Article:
Typically, when we hear the word “bloated,” we don’t immediately think of clay. More often, we think of the feeling after you’ve had a little too much to eat or drink, but today, let’s focus on bloating in clay bodies. Bloating is defined as a firing defect in which blisters form within a clay body, causing large lumps on the surface.
In today’s post, Dave Finkelnburg explains the causes of bloating and shares how you can prevent this unsightly defect in your work. –Jennifer Poellot Harnetty, editor.
Fault: Over Firing
Overfiring is the easiest cause of bloating to recognize. Keep in mind that all ceramic bodies are intended to be formed at room temperature and then fired to durability while retaining that shape. However, if the firing is too hot, known as overfiring, the shape will be lost as the body just starts to melt.
Fault: Dirty Firing
Clays usually contain some organic materials which will burn in the presence of enough heat and oxygen. Some clays contain small to significant amounts of tiny crystals of pyrite, an iron sulfide. The sulfur in pyrite burns readily at moderate kiln temperatures and in a properly fired kiln has burned off by about 1300°F (700°C). However, if the kiln is starved for air (unlikely in a well-vented electric kiln or a carefully tended fuel-fired kiln) the sulfur, as well as organic materials, can still be present. If oxygen gets into the kiln later in the firing, when the clay body is soft due to nearing its peak firing temperature, large volumes of gas will be generated by the combustion of the sulfur and organics and that will cause gas bloating in the ware.
Fault: Clay Mixing
When firing is clean and fully oxidizing until organics and sulfur are burned off, but bloating is observed, then the fault is not with the firing, but rather with inconsistencies in the clay body mixing. The fault is that flux in the clay body is concentrated in clusters, rather than being distributed uniformly throughout the body. As any clay body approaches peak firing temperature, two features are always present in the work. There is a liquid glass phase formed from flux elements in the body melting the glass former present. There are also small bubbles of kiln gas left over as the body shrinks and becomes dense from the firing.
The glass phase, being a liquid, has almost no strength. At this point in the firing, the strength to keep the ceramic shape is supplied by the clay, quartz, and other more refractory materials in the body.
The gas bubbles naturally exert force to expand because the temperature everywhere in the kiln and ware is rising. The bubbles expand if they are not confined by the clay body. In a well-mixed clay body, the liquid-glass phase is present in minute droplets too small to see with the naked eye. However, in the case of a poorly mixed body, or one contaminated with lumps of flux mineral, the glass phase forms pools just large enough that the clay-body structure is susceptible to being ruptured by expanding gas bubbles. That’s what happens when a clay body bloats due to poor mixing of its ingredients. An excessively large glass pool weakens the clay and expanding gas forms a bubble at the site.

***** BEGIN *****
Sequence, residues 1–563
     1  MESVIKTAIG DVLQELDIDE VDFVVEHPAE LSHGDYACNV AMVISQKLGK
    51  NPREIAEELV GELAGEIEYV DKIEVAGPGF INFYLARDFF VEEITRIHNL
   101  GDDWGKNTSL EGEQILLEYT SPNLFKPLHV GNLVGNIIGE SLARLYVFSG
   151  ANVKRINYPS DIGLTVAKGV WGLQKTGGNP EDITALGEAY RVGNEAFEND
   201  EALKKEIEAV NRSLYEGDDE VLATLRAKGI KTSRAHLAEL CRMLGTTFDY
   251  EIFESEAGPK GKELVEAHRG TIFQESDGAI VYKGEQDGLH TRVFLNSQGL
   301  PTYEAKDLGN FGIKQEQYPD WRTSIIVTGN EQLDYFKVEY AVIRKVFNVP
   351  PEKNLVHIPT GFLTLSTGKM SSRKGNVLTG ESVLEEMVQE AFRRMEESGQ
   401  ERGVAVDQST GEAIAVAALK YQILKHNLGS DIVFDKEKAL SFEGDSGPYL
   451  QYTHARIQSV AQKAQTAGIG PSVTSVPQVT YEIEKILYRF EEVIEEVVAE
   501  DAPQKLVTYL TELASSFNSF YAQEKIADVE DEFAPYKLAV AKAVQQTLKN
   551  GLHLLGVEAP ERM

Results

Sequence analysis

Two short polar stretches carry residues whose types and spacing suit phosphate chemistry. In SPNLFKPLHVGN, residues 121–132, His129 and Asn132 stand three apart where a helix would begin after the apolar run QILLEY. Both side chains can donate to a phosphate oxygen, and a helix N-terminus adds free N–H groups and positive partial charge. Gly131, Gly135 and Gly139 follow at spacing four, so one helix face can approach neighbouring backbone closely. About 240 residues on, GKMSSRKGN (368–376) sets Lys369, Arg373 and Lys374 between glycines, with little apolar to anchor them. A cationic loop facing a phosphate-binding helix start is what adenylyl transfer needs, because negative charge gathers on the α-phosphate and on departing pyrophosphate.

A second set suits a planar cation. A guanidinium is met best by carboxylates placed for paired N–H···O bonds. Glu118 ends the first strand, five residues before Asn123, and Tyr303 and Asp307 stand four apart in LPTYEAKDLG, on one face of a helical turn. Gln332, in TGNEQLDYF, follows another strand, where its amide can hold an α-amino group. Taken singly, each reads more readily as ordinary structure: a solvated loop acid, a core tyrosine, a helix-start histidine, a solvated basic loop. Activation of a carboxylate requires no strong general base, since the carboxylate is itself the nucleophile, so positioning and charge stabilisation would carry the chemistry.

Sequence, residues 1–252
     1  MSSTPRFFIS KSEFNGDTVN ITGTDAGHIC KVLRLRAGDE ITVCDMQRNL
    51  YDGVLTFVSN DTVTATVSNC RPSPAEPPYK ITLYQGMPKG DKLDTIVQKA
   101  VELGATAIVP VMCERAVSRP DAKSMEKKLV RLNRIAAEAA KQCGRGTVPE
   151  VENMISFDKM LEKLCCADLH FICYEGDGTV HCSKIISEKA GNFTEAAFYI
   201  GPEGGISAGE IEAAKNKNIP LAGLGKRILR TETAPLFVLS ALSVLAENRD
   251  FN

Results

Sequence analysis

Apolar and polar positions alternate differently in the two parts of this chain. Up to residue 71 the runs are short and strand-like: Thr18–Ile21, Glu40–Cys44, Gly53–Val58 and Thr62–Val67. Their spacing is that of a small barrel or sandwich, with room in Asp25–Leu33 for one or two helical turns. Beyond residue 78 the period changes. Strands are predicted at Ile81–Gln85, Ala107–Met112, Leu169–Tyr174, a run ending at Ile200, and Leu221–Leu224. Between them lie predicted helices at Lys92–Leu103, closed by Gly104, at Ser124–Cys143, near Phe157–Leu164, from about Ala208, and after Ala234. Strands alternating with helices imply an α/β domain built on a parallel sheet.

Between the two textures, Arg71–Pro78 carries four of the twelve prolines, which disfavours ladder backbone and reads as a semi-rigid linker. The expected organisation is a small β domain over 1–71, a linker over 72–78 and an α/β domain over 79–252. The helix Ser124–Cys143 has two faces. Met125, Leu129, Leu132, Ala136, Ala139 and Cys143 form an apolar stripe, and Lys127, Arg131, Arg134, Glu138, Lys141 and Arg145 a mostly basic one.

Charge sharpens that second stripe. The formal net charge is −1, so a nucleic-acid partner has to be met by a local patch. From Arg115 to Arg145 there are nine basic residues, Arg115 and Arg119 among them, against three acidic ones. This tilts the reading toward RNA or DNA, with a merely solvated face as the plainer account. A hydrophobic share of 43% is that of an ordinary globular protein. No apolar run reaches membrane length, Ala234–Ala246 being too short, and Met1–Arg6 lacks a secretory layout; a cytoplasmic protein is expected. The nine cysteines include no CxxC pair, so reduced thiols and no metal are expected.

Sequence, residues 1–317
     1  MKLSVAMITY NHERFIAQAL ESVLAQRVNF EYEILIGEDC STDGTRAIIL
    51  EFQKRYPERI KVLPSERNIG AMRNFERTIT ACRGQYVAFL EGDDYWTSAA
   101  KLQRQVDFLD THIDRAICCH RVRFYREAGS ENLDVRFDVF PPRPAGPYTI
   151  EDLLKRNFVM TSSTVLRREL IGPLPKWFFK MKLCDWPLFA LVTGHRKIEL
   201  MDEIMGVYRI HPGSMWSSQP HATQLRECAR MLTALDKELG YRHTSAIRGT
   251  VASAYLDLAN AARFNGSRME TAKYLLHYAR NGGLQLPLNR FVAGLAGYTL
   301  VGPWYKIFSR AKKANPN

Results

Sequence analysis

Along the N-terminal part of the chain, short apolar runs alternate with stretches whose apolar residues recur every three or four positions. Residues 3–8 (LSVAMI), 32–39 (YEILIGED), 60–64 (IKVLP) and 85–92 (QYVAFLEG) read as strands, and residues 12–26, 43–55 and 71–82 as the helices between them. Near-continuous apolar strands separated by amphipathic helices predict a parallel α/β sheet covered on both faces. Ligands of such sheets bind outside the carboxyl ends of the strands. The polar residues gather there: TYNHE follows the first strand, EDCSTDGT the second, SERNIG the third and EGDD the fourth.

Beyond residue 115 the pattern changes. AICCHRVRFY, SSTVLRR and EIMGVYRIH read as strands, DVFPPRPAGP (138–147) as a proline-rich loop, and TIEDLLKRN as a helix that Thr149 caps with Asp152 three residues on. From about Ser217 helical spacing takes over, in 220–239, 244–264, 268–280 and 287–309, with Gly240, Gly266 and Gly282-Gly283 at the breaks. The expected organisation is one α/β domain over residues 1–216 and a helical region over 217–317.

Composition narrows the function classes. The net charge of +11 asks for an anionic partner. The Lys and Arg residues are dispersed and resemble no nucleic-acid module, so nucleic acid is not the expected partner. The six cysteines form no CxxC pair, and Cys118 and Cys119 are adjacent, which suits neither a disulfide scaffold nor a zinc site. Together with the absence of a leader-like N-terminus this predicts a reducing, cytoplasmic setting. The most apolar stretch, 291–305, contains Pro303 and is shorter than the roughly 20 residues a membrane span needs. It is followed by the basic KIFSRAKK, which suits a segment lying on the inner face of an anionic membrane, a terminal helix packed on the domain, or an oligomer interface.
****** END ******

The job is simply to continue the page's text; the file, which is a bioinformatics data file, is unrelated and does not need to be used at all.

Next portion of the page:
Note that while the body is overfired locally, the body does not look overfired in general. Certainly, bloats would not appear if the ware had been fired to a lower peak temperature, but firing temperature alone is not the root cause of bloating. The firing simply reveals the poorly mixed body’s susceptibility to this fault.
Troubleshooting the Basics
It is critical that the first firing of all ceramic work be done in a fully oxidizing atmosphere until all organics and sulfur compounds are burned off. This is especially critical with work that is to be fired to full density—functional work intended to be impervious to water or other liquids.
A good rule of thumb is, regardless of the heat source of the kiln, fire such work in a fully oxidizing atmosphere up to ~1500°F (~816°C). Organics and sulfur will have burned cleanly off by that point and will not cause problems later in the firing.
When bloating due to poor clay mixing occurs, the culprit is almost always feldspar in the clay body recipe. Feldspar, when handled dry, tends to form small clumps due to electrostatic attraction. Feldspar clumps, if blended into the body, cause bloats.
Such clumps can easily be prevented by simply mixing the water for the clay body recipe with 5 to 10% of the clay to be used, and then mixing the feldspar into that dilute clay slurry. This process, best done with a high-speed mixer, coats the feldspar particles with just enough clay to prevent feldspar clumping.
It is also possible for crystals of flux oxides to precipitate from clay slip found in recycled clay (crystals formed from soluble salts in studio water or dissolved from the body itself), and for those crystals to cause bloats. Where ware is formed from extensively recycled clay, but not from new clay of the same recipe, the safest remedy is to throw out the reclaim. Crystals can be removed by slurrying and screening, but the result will be a body of somewhat altered, and unknown, chemical composition. Clay is just not valuable enough to risk forming effort on a suspect body.